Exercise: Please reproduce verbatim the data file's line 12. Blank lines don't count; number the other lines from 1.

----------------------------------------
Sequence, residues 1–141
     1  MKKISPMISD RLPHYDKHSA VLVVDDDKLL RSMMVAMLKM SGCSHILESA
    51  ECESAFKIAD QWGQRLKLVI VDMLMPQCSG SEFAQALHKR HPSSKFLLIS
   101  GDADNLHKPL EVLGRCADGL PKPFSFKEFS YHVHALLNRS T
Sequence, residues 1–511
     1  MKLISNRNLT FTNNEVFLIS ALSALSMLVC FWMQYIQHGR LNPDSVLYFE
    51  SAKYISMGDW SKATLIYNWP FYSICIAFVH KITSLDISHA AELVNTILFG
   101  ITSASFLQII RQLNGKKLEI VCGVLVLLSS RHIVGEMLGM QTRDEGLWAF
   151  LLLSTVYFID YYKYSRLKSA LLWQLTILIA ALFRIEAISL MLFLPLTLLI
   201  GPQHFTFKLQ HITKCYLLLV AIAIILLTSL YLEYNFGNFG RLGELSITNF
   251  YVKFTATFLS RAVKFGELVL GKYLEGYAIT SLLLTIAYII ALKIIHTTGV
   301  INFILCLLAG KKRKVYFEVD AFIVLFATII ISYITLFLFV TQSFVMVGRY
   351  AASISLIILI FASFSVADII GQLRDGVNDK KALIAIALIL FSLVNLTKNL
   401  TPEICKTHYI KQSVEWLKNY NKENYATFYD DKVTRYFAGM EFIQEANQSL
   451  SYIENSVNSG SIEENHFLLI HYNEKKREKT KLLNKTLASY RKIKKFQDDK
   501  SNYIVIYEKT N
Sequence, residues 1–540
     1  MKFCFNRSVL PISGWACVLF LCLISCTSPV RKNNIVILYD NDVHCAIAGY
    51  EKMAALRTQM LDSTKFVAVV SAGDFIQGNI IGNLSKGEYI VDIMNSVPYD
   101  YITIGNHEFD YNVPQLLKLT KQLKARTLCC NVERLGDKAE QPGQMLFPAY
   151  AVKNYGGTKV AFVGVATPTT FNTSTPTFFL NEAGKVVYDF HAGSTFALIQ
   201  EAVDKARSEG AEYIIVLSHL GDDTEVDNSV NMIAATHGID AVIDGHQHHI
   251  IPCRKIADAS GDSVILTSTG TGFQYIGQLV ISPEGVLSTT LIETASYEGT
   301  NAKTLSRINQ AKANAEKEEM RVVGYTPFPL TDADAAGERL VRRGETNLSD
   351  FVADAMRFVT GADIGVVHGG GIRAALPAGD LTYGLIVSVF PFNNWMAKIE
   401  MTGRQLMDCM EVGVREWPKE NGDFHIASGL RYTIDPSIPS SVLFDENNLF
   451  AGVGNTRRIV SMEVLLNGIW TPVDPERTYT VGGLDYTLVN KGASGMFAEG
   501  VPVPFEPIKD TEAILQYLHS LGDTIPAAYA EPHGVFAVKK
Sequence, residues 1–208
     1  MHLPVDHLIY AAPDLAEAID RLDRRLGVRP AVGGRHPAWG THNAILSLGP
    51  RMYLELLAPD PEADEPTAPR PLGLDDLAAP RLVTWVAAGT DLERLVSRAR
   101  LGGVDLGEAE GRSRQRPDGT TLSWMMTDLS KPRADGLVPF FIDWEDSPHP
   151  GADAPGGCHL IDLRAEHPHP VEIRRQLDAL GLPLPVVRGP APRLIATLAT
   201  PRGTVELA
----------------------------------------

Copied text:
   301  INFILCLLAG KKRKVYFEVD AFIVLFATII ISYITLFLFV TQSFVMVGRY